Mrs. Katie Gauldin, who lived in a house next door to the garage, testified that she heard defendant screaming; that she went out and saw defendant lying on his back with one man on top of him beating him and another man kicking him; that she subsequently ascertained that the two men were the complaining witness and his brother; that when she called to the two men asking them to leave defendant alone one of them said ‘Go back in the house or he would slap my damn face’; that she called Mr. Johnson, who was rooming in her home; that when Johnson came out and remonstrated with the Carlsons one of them threatened to come over and beat up Mr. Johnson and started toward him.

Mr. Johnson testified that shen he came out of the house defendant was on the ground, one man was hitting him and the other kicking him; defendant was screaming; that when he protested against the actions of the two men and said there was no use in killing the defendant one of them replied: ‘Well, I will come over there and beat hell out of you;’ that he came through a gate toward Johnson, and the latter went in the house and called the police.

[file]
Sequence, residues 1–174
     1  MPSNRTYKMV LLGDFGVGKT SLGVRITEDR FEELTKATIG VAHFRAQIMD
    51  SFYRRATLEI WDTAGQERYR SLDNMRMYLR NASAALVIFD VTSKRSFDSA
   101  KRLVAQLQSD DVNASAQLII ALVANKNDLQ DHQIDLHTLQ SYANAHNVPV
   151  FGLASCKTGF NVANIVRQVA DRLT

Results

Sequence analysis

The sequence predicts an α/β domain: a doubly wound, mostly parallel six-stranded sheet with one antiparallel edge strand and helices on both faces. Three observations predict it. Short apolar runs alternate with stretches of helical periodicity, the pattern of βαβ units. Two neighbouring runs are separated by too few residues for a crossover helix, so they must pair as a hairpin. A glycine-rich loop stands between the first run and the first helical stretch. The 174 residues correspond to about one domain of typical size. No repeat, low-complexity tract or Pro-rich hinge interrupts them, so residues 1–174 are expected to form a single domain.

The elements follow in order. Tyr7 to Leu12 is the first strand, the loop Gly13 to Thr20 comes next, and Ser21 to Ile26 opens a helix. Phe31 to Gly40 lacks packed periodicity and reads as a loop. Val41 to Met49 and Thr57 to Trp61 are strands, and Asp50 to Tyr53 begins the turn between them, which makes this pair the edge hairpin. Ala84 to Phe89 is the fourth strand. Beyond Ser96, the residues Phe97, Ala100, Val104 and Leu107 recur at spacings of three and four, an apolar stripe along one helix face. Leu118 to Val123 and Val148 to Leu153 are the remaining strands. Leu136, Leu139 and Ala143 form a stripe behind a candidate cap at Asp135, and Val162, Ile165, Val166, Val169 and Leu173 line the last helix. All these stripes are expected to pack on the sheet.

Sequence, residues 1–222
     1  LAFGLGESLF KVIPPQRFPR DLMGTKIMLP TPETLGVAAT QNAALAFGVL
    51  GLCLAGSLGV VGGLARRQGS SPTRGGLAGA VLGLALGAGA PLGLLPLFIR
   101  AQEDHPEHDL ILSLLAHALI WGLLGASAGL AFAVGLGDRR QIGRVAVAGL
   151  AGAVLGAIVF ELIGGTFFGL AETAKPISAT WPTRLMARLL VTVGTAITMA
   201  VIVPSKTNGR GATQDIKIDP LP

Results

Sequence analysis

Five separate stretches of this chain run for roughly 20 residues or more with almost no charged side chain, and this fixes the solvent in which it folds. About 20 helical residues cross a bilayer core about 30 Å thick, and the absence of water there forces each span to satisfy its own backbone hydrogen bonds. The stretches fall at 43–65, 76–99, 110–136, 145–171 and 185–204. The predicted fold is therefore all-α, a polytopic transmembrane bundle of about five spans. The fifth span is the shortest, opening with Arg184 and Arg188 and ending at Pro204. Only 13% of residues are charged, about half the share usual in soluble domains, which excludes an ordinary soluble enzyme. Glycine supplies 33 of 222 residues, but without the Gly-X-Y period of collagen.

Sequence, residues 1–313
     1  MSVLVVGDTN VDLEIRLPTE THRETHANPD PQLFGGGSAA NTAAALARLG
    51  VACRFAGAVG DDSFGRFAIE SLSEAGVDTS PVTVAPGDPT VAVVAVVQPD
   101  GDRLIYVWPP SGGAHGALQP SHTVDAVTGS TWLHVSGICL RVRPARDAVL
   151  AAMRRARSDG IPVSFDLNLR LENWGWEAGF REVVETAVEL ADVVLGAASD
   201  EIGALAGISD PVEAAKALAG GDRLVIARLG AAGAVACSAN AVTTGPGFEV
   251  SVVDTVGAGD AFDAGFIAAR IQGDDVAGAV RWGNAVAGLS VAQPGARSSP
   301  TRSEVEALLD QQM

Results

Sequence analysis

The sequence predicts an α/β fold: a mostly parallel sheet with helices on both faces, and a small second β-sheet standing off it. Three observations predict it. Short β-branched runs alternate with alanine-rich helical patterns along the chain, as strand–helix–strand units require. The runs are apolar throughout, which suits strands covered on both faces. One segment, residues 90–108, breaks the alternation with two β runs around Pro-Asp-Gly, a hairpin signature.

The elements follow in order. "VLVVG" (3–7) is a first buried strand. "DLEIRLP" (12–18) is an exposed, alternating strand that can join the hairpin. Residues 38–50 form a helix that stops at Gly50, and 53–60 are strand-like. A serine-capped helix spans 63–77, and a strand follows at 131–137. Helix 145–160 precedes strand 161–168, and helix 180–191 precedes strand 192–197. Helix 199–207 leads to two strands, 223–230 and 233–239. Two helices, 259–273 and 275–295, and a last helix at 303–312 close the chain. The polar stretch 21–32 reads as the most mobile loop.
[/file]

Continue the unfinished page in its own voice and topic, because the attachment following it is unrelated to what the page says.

Carlson's brother, who took part in the affray, was not called as a witness. There is no evidence that the brother was not available or that he could not have been produced at the trial. Therefore under a familiar rule of evidence it will be presumed that if he had been called as a witness his evidence would have been adverse to the prosecution.

If the complaining witness had been hit on the head six or seven times with a hammer he, instead of defendant, would have been lying on the driveway and, unless his head was made of stone, he would have been unable to continue to fight and thereafter to relate so meticulously all the circumstances to which he testified. The evidence as to the hammer-blows corroborates defendant's testimony that he used the hammer while Carlson was on top of him.